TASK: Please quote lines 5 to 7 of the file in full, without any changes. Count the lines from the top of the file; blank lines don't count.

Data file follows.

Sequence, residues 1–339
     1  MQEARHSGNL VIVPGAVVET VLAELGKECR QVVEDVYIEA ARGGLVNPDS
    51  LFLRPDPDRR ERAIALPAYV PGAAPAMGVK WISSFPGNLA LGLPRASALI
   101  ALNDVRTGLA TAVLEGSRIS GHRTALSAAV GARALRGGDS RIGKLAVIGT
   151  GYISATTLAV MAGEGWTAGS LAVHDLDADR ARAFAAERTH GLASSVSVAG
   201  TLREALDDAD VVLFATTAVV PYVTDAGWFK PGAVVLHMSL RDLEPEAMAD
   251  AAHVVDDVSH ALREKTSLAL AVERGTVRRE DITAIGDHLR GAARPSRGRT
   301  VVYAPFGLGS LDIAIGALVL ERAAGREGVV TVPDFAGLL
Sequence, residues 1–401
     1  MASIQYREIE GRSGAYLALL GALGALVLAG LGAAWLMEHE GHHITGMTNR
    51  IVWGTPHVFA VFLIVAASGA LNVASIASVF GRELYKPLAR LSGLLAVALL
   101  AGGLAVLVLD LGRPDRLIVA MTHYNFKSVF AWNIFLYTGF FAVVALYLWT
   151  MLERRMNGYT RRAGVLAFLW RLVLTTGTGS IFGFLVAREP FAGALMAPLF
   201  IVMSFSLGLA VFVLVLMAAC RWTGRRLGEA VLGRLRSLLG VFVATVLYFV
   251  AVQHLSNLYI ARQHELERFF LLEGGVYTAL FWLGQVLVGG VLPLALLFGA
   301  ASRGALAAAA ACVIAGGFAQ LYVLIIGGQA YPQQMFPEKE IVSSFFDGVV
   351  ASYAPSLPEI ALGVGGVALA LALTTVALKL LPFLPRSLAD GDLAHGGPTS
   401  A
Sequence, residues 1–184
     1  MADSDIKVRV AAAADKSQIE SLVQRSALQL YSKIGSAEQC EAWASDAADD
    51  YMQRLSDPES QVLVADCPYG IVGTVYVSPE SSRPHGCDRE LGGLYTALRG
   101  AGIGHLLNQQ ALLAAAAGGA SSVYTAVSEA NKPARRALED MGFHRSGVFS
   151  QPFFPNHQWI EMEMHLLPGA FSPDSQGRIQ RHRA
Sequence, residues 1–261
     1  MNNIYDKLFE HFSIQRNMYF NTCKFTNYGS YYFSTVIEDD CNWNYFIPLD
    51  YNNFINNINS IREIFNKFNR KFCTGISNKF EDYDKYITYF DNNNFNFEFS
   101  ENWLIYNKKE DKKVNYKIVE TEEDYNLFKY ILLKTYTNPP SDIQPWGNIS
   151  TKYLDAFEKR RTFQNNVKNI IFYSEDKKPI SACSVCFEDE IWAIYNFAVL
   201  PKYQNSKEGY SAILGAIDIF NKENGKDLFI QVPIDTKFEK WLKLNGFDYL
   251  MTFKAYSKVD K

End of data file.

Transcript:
   151  GYISATTLAV MAGEGWTAGS LAVHDLDADR ARAFAAERTH GLASSVSVAG
   201  TLREALDDAD VVLFATTAVV PYVTDAGWFK PGAVVLHMSL RDLEPEAMAD
   251  AAHVVDDVSH ALREKTSLAL AVERGTVRRE DITAIGDHLR GAARPSRGRT